Links: Crunching the Numbers

For about another week, the great works of American literature come dirt cheap: The Library of America is having a 50-percent-off sale.

Edgar Lee Masters had it in for Abraham Lincoln (and Carl Sandburg too).

Paul Theroux wore bell bottoms in the 70s.

Mathematician Manil Suri spent seven years working on his second novel, The Age of Shiva—by his accounting, 64.19 words a day.

Bob Hoover finds a few connections between John Updike and William Dean Howells.

One of the better takedowns of a book I’ve seen in a while is Benjamin Alsup‘s assessment (not online, best as I can tell) in Esquire of Philipp Meyer‘s American Rust: “[I]t sounds like an Ivy Leaguer mimicking the speech patters of white working-class people. It’s one part Woody Guthrie, one party All the Pretty Horses, and 98 parts Hillary Clinton.” (I haven’t read it.)

On a more positive note: Newsweek catches up with Yiyun Li, whose debut novel, The Vagrants, is one of my favorite novels of the young year.

(And while I’m playing tipster, Peter Stephan Jungk‘s Crossing the Hudson, out next month, is one of the best contemporary novels I’ve read in quite some time.)

Opinions Are Like…

“After I finished [The Age of Shiva], I showed it to people, and my god. They had these opinions. If I’d had that kind of advice while writing the book, it would have completely derailed me. That’s something for writers to be cautious about: getting well-meaning advice. You’ve got to have seven or eight people, but even that’s way too much. So I’m very suspicious about advice. I used to be in several writing groups. It was very helpful with short stories. But then I started The Death of Vishnu, and I remember someone really ripping into the first chapter, saying, you know, rearrange it, take apart everything, and then explain where you are, why you’re there, and do all this explanation. I didn’t follow any of it, as it turned out.” —Manil Suri, interviewed in Baltimore City Paper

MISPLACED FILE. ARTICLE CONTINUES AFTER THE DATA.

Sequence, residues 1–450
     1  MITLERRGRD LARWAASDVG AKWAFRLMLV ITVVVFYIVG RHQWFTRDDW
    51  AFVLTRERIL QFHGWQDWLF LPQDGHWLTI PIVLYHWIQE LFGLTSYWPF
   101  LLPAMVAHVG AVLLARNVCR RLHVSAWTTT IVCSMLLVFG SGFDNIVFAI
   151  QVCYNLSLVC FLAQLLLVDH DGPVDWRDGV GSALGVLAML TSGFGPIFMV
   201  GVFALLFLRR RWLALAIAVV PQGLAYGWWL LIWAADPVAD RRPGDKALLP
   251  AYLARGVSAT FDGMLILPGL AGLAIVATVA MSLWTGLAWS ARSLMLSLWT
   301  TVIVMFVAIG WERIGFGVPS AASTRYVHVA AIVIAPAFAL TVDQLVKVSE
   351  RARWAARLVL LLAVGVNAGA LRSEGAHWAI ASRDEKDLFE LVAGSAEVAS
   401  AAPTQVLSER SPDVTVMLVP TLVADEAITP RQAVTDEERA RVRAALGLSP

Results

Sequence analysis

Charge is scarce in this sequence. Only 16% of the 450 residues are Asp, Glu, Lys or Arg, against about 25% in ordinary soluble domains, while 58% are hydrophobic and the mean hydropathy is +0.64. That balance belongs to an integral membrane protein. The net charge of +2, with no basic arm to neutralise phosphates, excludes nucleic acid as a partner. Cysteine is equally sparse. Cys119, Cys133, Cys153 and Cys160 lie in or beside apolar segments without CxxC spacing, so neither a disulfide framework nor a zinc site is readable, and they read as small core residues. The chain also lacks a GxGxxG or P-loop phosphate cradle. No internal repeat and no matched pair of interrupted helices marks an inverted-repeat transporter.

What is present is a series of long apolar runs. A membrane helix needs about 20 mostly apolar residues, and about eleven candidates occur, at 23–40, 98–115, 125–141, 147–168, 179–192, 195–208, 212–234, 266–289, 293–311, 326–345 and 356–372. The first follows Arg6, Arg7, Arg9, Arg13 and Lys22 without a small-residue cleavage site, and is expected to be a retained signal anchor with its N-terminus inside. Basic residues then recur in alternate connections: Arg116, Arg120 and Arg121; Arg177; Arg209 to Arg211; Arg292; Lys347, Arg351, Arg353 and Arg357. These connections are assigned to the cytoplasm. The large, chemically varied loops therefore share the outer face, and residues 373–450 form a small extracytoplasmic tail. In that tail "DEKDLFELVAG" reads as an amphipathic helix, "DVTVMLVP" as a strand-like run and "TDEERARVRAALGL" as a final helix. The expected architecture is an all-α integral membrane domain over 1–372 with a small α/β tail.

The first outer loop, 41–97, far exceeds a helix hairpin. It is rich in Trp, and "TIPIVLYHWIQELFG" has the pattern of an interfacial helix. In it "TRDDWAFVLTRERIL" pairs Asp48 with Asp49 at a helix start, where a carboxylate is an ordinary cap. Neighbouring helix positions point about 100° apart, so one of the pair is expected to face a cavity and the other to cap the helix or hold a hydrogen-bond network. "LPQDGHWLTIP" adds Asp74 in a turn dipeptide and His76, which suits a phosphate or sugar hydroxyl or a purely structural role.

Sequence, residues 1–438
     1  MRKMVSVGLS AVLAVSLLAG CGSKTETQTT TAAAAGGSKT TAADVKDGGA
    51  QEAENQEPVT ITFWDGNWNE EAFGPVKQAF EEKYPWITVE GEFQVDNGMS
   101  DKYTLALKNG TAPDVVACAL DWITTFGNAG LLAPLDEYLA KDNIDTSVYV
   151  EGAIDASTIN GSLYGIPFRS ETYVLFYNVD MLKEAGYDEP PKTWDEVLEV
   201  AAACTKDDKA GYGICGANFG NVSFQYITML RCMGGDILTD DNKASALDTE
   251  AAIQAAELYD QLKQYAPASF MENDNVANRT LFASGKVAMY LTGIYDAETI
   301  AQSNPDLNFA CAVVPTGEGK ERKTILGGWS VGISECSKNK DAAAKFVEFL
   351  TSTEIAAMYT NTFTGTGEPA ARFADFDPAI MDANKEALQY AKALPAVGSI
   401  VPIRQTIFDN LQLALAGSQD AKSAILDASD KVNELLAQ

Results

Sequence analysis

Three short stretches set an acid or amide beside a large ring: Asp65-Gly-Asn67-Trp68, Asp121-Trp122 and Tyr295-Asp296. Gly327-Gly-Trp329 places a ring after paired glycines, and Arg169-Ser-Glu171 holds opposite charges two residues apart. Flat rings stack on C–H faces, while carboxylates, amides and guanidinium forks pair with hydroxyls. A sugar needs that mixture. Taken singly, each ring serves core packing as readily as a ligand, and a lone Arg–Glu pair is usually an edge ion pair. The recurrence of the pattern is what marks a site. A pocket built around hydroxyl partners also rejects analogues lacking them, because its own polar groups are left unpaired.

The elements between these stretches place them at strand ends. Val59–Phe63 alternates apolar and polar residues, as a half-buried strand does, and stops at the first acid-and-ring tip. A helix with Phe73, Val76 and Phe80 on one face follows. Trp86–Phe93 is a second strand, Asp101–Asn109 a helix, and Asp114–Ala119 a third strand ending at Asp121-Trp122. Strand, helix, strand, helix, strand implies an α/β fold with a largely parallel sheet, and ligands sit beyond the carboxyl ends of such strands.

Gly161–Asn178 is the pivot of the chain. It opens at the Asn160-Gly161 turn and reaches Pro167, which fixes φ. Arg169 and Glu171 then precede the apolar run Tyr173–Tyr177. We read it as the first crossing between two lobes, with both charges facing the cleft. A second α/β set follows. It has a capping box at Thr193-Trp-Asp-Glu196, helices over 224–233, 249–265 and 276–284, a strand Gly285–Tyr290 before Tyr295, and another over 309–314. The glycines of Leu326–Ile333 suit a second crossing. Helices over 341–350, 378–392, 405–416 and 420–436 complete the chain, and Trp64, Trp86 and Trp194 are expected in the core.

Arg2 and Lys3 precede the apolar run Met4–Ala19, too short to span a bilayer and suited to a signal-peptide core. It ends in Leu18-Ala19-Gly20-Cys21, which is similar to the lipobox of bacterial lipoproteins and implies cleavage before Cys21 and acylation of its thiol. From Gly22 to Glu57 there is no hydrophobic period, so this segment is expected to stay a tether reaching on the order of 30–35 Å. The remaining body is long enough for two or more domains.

Dept. of Self Promotion

Now live on Washington City Paper‘s popular blog, City Desk, is my video interview with Manil Suri. Right: I’m learning. As I mentioned elsewhere, it’s a little frustrating to realize how much work is required to do something that winds up looking like a 5 a.m. public-affairs show in Schenectady. But Suri is a great conversationalist and was a great sport about the awkward filming setup (we recorded this in my office). More importantly, just by doing it, I figured out a ton of things that’ll make the next one go better. I didn’t get into journalism to do video–heck, I got into writing precisely to avoid that sort of thing–but with the journalism world what it is, everything is worth trying. And there’s a similar degree of satisfaction with recording something as with writing something–when it’s done, you’ve still done a Made Thing, and you’re still eager to get people to take a look at it.

Dept. of Self Promotion

My brief review of Manil Suri‘s The Age of Shiva is now available at Washington City Paper‘s Web site. Suri reads at Politics & Prose on Monday.

Another D.C. note: I’ll be spending much of tomorrow, Saturday, at American University, checking out Washington Independent Writers’ Fiction Writing All-Day Seminar. A number of interesting writers are on the docket, including Susan Richards Shreve, Olga Grushin, and Edward P. Jones. The walk-in registration rate is a bit steep, but it’s a full day, and casual opportunities to meet writers don’t come along too often.

Suri Explained Infinity

I’ve just finished Manil Suri‘s second novel, The Age of Shiva, which prompted me to do some googling. I’m curious about Suri’s dual life as a novelist and a mathematician–I can’t think of any career that’d put more of a burden on both the left and right brain simultaneously. In the process, I came across the video below, in which Suri gives a presentation he coauthored on the concept of infinity. My brain started hurting about a half-hour into the lecture, but the fault isn’t with Suri, whose genial and patient discussion also touches on the way that mathematicians have a way of being depicted as madmen in popular culture.